Charles Pedibone Peters was the son of Charles Pedibone Peters Sr. and Edna Ellen Holden. He was reported as Missing in action since 15 November 1942 and officially declared dead on 16 November 1943.

Charles Peters served on the U.S.S. Preston (DD379). He is memorialized at Manila American Cemetery and also has a memorial headstone at Mountain Home National Cemetery, Johnson City, Washington County, Tennessee.

At 0036 November 15, 1942 the U.S.S. Preston was sunk while actively engaged in surface battle against Japanese naval forces. The engagement took place in the channel between Savo Island and Cape Esperance, Guadalcanal Island, Solomon Islands. Task Force Sixty-Four was formed in battle disposition in column in the following order. U.S.S. Walke, U.S.S. Benham, U.S.S. Preston, U.S.S. Gwin, U.S.S. Washington and U.S.S. South Dakota.
At 0026 the Gwin opened fire on the leading ship of the enemy group hugging the shore of Savo, range 10,000 yards. The target appeared to be a light cruiser, but was probably a heavy destroyer. Four minutes later, consecutive salvos struck the Japanese ship, which was now 8,500 yards away. Only one gun replied. Soon afterward the Gwin reported that she was being fired on by a Kuma-type light cruiser on her port quarter. A moment earlier the Preston sighted a ship off the southern shore off Savo on her starboard bow and opened fire with all four guns. The target, which seemed to be a destroyer-leader or light cruiser, was plainly visible in the moonlight, distant about 9,000 yards. The Preston scored hits after a few salvos, and her fire was soon returned. The Japanese vessel began to burn fiercely, and the Preston shifted to another ship in the shadow of Savo, range 8,000 yards. As she did so, she was struck by two projectiles, probably 6-inch, on the starboard side. One landed between the two fire-rooms, killing all personnel. Several fires broke out, including one in the TNT of warheads cracked open by the shock. The second stack fell onto the searchlight.
Meanwhile an enemy cruiser came in on the port side of the column, virtually undetected, and the U.S.S. Preston was hit on the port side by part of an 8-inch salvo (probably three shells). One shell penetrated to the engine room, one landed between the secondary control station and No. 3 gun, and one on No. 4 gun. Guns No. 1 and No. 2 were jammed in train. The whole afterpart of the ship soon became a mass of flaming wreckage. The Preston listed to starboard and settled by the stern. The commanding officer, Comdr. Max C. Stormes, gave the order to abandon ship. In half a minute the destroyer rolled over on her side and began to sink. The bow rose vertically and remained in that position about 10 minutes before the vessel slid beneath the surface.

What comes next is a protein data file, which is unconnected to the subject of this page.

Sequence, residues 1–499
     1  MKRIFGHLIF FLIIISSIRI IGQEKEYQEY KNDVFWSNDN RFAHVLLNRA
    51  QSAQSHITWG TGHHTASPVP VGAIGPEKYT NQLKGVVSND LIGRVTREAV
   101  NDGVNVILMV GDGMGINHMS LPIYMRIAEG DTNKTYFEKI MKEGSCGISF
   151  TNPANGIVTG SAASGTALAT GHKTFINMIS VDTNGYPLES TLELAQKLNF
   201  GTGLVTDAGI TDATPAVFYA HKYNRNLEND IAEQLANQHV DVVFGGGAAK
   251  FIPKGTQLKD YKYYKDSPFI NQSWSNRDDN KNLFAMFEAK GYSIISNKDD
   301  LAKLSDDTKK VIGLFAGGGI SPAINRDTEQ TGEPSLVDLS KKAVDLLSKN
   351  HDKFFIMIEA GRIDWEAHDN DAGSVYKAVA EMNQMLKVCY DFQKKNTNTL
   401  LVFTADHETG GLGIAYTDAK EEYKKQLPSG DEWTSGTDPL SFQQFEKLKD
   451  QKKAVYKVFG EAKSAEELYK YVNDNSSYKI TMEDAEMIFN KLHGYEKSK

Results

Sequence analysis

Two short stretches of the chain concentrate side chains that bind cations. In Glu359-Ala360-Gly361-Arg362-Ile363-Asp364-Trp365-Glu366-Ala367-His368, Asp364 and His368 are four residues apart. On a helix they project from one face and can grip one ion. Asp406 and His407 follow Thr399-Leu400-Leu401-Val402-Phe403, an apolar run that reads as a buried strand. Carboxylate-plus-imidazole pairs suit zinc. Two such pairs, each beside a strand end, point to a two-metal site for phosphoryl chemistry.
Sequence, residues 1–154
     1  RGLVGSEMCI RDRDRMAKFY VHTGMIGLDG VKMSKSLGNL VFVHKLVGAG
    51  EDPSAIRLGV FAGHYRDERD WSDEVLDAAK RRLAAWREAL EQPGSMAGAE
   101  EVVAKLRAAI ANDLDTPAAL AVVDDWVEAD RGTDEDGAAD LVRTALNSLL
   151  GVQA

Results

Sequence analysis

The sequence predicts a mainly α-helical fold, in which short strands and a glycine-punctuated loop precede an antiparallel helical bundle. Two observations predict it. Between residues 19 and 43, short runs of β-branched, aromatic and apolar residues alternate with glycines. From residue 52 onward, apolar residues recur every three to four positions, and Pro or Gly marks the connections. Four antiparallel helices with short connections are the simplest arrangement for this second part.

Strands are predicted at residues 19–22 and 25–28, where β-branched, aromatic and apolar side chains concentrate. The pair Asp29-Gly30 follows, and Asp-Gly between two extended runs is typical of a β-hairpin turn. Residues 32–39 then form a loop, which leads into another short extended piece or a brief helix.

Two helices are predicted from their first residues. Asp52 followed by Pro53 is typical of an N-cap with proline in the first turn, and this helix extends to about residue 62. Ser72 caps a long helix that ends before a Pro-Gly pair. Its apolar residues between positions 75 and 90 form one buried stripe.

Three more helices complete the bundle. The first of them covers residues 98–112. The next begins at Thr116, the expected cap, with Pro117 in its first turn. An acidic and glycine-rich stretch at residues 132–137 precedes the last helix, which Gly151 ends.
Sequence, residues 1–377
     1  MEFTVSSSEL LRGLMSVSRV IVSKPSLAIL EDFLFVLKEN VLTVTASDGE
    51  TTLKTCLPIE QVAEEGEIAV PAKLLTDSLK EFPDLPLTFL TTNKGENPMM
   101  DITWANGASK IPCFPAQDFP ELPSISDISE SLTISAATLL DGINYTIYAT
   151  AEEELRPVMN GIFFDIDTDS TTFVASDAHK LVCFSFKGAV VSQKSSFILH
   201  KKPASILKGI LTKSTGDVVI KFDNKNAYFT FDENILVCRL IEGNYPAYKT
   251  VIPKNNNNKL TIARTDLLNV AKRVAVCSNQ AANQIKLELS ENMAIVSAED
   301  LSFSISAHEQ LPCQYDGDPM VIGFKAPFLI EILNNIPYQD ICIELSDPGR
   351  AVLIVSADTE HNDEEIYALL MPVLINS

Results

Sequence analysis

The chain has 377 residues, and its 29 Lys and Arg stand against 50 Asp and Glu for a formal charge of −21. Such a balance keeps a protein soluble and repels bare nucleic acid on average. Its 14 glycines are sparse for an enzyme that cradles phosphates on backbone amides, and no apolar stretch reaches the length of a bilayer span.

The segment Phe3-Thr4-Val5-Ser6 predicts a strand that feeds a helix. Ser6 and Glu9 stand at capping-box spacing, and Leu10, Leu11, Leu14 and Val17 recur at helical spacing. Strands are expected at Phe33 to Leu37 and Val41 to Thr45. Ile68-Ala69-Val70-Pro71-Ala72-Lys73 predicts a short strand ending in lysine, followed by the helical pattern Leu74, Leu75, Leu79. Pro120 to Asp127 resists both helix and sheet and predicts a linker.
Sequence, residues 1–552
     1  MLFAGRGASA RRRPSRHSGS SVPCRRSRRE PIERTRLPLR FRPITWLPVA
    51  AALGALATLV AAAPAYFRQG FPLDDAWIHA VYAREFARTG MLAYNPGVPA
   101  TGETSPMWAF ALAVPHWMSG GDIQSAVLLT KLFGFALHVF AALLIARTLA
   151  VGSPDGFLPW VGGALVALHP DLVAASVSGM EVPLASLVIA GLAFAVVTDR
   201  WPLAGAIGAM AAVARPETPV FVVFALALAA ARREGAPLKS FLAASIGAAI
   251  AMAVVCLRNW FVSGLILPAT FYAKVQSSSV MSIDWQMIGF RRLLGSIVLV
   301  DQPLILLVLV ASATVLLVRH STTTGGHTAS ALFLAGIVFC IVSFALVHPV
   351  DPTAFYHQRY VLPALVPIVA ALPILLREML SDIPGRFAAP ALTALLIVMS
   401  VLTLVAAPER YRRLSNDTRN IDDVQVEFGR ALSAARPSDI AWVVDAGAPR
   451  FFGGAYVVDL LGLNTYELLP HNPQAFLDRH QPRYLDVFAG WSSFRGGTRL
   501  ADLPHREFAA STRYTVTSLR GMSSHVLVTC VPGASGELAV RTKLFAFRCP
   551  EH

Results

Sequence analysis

The Knoxville Journal, 31 December 1942
Three upper East Tennessee men are included on the Navy’s latest casualty list. The list, released for publication today by the Navy Department, was reported to next of kin during the period from December 1 to December 15. The upstate men are Jack Monroe Turner of Erwin, listed killed in action; James Howard Bennett of Piney Flats and Charles Peters of Johnson City, both reported missing.
Peters, the Johnson Citian, is the son of Mrs. Edna E. Peters of 23 East Grand Avenue, and served the Navy as a fireman second class. Born in Butler, Tenn., he came with his family to Johnson City about 16 years ago and attended high school here. He joined the Navy at Johnson City in August, 1941.

  • Rank: Fireman Second Class
  • Date of birth:
  • 17 February 1924
  • Date of death: 16 November 1943
  • County: Washington
  • Hometown: Johnson City
  • Service Branch: Navy
  • Division/Assignment: USS Preston (DD-379)
  • Theater: Pacific
  • Conflict: World War II
  • Awards: Purple Heart
  • Burial/Memorial Location: Manila American Cemetery, Manila, Philippines; Mountain Home National Cemetery, Johnson City, TN
  • Location In Memorial: Pillar XIX, Middle Panel
  • Contact us to sponsor Charles P. Peters Jr.

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